By Brian Ring

Have you ever been stuck on step four in the assembly of a new bookshelf from Ikea? The pictures for step three and step four are radically different. The only guidance is a graphic of a screwdriver and something that might represent two people – though your daughter’s suggestion that it’s actually Janus, the two-headed Roman god of time, is seeming more and more plausible and, quite frankly, helpful.

With Ikea furniture, this situation is frustrating. With medical technology, similar ambiguity could even be harmful. Thankfully, the medical field looks not just at the effectiveness of a treatment, test or medication in the lab, but also how these treatments are used in the real world where they can’t control every variable.

Direct to consumer medical tests are no different. When direct to consumer DNA tests, such as MedAnswers Fertility Genetics kit, were first released, some in the medical community were concerned that they would only serve to increase patient anxiety and not prove overly useful since – in their opinion –  people were unlikely to use the information learned to make lifestyle changes. Studies have since shown that both concerns are overstated and that the information provided can lead people to make positive changes (1).

Similar concerns could be raised with direct to consumer anti-Müllerian hormone (AMH) screening tests. AMH tests, done at home or by a health professional are often used to estimate “ovarian reserve,” one measurement of a woman’s fertility. At-home versions require a small amount of blood to be drawn and mailed to a lab for analysis. The results are delivered via email along with a breakdown of what they represent. Some companies also offer a complimentary phone consultation with a nurse to answer any additional questions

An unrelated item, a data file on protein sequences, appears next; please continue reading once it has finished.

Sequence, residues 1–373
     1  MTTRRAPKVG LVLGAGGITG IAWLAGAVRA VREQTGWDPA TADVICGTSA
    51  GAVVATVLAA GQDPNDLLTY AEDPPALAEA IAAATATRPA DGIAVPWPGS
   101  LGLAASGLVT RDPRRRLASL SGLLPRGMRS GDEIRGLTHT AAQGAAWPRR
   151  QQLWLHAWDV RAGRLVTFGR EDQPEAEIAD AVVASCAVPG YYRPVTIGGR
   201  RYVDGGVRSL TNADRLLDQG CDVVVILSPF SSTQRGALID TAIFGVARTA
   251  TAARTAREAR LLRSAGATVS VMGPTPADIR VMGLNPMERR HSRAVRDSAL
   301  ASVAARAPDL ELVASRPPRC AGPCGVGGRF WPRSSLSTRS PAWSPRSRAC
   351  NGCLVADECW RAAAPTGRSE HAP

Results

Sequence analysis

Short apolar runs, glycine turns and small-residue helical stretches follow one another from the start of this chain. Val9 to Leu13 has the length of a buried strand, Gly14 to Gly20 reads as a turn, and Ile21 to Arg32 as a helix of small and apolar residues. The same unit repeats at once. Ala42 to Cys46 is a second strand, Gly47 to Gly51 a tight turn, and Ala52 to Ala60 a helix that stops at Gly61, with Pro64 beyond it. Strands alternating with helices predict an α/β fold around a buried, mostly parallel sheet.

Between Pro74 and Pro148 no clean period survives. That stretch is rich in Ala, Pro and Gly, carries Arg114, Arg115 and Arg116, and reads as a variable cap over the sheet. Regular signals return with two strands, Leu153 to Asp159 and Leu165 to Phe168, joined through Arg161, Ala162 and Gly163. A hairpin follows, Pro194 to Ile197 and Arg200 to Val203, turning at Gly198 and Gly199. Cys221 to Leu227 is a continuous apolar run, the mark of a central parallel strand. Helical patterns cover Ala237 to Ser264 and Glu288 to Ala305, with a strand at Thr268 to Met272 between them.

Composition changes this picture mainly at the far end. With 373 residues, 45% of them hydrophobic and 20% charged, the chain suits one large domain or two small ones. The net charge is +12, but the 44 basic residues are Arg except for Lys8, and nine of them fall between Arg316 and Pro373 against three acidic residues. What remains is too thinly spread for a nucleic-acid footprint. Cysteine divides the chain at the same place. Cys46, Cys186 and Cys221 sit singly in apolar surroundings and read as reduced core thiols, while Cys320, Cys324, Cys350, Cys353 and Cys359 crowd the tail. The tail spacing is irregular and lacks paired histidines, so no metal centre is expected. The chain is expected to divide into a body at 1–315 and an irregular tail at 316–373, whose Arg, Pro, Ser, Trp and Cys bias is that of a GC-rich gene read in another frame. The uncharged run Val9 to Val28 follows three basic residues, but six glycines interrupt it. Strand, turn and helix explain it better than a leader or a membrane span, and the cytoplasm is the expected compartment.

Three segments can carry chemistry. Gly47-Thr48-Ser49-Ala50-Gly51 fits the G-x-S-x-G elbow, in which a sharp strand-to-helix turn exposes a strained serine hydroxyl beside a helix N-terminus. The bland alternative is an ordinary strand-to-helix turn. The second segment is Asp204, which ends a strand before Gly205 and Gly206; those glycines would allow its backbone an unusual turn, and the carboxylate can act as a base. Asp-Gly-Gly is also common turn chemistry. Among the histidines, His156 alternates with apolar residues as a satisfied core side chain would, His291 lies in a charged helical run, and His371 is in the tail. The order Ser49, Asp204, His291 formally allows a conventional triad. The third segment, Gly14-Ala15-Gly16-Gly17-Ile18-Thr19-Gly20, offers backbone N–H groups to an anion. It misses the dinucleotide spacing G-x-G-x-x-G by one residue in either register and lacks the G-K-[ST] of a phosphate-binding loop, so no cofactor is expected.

A recent study, authored by Dr. Moira Kyweluk, found that participants appreciated and felt empowered by the at-home AMH testing. While some did feel a bit confused about the next steps they could take, overall women viewed the tests and the information learned as useful and worthwhile (2). The study mirrored the experience offered by at-home genetic kits, though all participants went to a lab for their blood draw. In addition to the digital results and nurses’ call, participants had a follow-up interview with Dr. Kyweluk to discuss their reaction to the tests.

Dr. Kyweluk, who is a member of the Department of Medical Ethics and Health Policy at the University of Pennsylvania, concluded that at-home AMH tests can open the door for a broader demographic to learn about their fertility and the planning options available than more traditional clinics currently allow. The study also found that AMH tests increased awareness of assisted reproductive options, such as fertility preservation, and found that some participants wanted more information about the next steps they could (or should) take, suggesting more work can be done to help users understand their study results and next options.

However, there is an additional level to be considered. A very interesting aspect of this study is the degree of thought that Dr. Kyweluk offers on how societal expectations of fertility and motherhood are frequently imposed on women, and how tools like DTC testing can be a positive way of giving people who may be marginalized by the traditional medical community more control over their life course.